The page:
previewtogglePreviewToggle Preview
fa fa-eye no-disable
side-by-sidetoggleSideBySideToggle Side by Side
fa fa-columns no-disable no-mobile
fullscreentoggleFullScreenToggle Fullscreen
fa fa-arrows-alt no-disable no-mobile
guideThis linkMarkdown Guide
fa fa-question-circle
undoundoUndo
fa fa-undo
redoredoRedo
fa fa-redo

Toolbar customization

Customize the toolbar using the toolbar option.

Only the order of existing buttons:

const easyMDE = new EasyMDE({
    toolbar: ["bold", "italic", "heading", "|", "quote"]
});

All information and/or add your own icons

const easyMDE = new EasyMDE({
    toolbar: [
        {
            name: "bold",
            action: EasyMDE.toggleBold,
            className: "fa fa-bold",
            title: "Bold",
        },
        "italics", // shortcut to pre-made button
        {
            name: "custom",
            action: (editor) => {
                // Add your own code
            },
            className: "fa fa-star",
            title: "Custom Button",
            attributes: { // for custom attributes
                id: "custom-id",
                "data-value": "custom value" // HTML5 data-* attributes need to be enclosed in quotation marks ("") because of the dash (-) in its name.
            }
        },
        "|" // Separator
        // [, ...]
    ]
});

Put some buttons on dropdown menu

const easyMDE = new EasyMDE({
    toolbar: [{
                name: "heading",
                action: EasyMDE.toggleHeadingSmaller,
                className: "fa fa-header",
                title: "Headers",
            },
            "|",
            {
                name: "others",
                className: "fa fa-blind",
                title: "others buttons",
                children: [
                    {
                        name: "image",
                        action: EasyMDE.drawImage,
                        className: "fa fa-picture-o",
                        title: "Image",
                    },
                    {
                        name: "quote",
                        action: EasyMDE.toggleBlockquote,
                        className: "fa fa-percent",
                        title: "Quote",
                    },
                    {
                        name: "link",
                        action: EasyMDE.drawLink,
                        className: "fa fa-link",
                        title: "Link",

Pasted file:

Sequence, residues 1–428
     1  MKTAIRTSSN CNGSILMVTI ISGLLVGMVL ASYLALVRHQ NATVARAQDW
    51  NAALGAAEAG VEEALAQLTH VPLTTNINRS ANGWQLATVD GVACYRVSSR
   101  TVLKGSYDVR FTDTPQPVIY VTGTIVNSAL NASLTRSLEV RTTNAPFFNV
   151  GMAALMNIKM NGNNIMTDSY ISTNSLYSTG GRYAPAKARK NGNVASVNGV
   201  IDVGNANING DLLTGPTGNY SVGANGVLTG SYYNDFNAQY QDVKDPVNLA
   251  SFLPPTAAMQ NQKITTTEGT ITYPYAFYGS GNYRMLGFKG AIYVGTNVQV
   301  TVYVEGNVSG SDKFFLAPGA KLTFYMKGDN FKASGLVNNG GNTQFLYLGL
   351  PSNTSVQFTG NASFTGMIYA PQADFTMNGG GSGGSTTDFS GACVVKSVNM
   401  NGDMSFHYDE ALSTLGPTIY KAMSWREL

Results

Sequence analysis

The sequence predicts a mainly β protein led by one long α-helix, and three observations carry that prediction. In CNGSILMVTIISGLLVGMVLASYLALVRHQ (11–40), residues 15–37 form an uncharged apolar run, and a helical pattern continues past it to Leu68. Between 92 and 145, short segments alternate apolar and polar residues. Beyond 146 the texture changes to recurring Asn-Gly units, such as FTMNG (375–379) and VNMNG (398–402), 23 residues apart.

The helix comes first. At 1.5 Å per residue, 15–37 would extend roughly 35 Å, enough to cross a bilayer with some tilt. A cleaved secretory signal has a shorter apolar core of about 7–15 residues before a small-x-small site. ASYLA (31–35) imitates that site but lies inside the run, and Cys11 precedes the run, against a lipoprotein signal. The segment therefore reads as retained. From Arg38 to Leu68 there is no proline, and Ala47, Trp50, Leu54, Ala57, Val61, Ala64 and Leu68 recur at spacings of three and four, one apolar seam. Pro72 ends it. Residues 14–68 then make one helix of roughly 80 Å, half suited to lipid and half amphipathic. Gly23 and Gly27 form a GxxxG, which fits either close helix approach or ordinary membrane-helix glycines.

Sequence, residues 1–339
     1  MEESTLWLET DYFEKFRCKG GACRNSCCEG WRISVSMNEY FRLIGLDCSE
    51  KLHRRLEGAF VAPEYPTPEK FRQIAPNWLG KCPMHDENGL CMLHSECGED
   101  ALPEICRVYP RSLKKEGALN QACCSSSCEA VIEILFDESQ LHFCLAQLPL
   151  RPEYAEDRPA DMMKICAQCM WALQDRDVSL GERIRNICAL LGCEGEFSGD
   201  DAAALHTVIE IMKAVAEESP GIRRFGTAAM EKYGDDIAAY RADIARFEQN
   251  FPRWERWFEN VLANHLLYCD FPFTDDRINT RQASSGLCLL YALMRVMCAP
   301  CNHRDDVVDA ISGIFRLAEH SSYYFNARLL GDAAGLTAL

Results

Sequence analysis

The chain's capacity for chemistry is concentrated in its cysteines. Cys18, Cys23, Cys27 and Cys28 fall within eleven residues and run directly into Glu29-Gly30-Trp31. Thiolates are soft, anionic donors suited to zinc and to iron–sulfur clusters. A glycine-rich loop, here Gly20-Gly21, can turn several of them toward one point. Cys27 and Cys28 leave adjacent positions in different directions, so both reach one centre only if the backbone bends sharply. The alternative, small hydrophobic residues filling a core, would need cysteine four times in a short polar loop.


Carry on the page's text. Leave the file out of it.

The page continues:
}
                ]
            },
        // [, ...]
    ]
});

Keyboard shortcuts

EasyMDE comes with an array of predefined keyboard shortcuts, but they can be altered with a configuration option. The list of default ones is as follows:

Shortcut (Windows / Linux)Shortcut (macOS)Action
Ctrl-'Cmd-'"toggleBlockquote"
Ctrl-BCmd-B"toggleBold"
Ctrl-ECmd-E"cleanBlock"
Ctrl-HCmd-H"toggleHeadingSmaller"
Ctrl-ICmd-I"toggleItalic"
Ctrl-KCmd-K"drawLink"
Ctrl-LCmd-L"toggleUnorderedList"
Ctrl-PCmd-P"togglePreview"
Ctrl-Alt-CCmd-Alt-C"toggleCodeBlock"
Ctrl-Alt-ICmd-Alt-I"drawImage"
Ctrl-Alt-LCmd-Alt-L"toggleOrderedList"
Shift-Ctrl-HShift-Cmd-H"toggleHeadingBigger"
F9F9"toggleSideBySide"
F11F11"toggleFullScreen"

Here is how you can change a few, while leaving others untouched:

const editor = new EasyMDE({
    shortcuts: {
        "toggleOrderedList": "Ctrl-Alt-K", // alter the shortcut for toggleOrderedList
        "toggleCodeBlock": null, // unbind Ctrl-Alt-C
        "drawTable": "Cmd-Alt-T", // bind Cmd-Alt-T to drawTable action, which doesn't come with a default shortcut
    }
});

Shortcuts are automatically converted between platforms. If you define a shortcut as "Cmd-B", on PC that shortcut will be changed to "Ctrl-B". Conversely, a shortcut defined as "Ctrl-B" will become "Cmd-B" for Mac users.

The list of actions that can be bound is the same as the list of built-in actions available for toolbar buttons.

Advanced use

Event handling

You can catch the following list of events: https://codemirror.net/doc/manual.html#events

const easyMDE = new EasyMDE();
easyMDE.codemirror.on("change", () => {
    console.log(easyMDE.value());
});

Removing EasyMDE from text area

You can revert to the initial text area by calling the toTextArea method. Note that this clears up the autosave (if enabled) associated with it. The text area will retain any text from the destroyed EasyMDE instance.

const easyMDE = new EasyMDE();
// ...
easyMDE.toTextArea();
easyMDE = null;

If you need to remove registered event listeners (when the editor is not needed anymore), call easyMDE.cleanup().

Useful methods

The following self-explanatory methods may be of use while developing with EasyMDE.

const easyMDE = new EasyMDE();
easyMDE.isPreviewActive(); // returns boolean
easyMDE.isSideBySideActive(); // returns boolean
easyMDE.isFullscreenActive(); // returns boolean
easyMDE.clearAutosavedValue(); // no returned value

How it works

EasyMDE is a continuation of SimpleMDE.

SimpleMDE began as an improvement of lepture's Editor project, but has now taken on an identity of its own. It is bundled with CodeMirror and depends on Font Awesome.

CodeMirror is the backbone of the project and parses much of the Markdown syntax as it's being written. This allows us to add styles to the Markdown that's being written. Additionally, a toolbar and status bar have been added to the top and bottom, respectively. Previews are rendered by Marked using GitHub Flavored Markdown (GFM).

SimpleMDE fork

I originally made this fork to implement FontAwesome 5 compatibility into SimpleMDE. When that was done I submitted a pull request, which has not been accepted yet. This, and the project being inactive since May 2017, triggered me to make more changes and try to put new life into the project.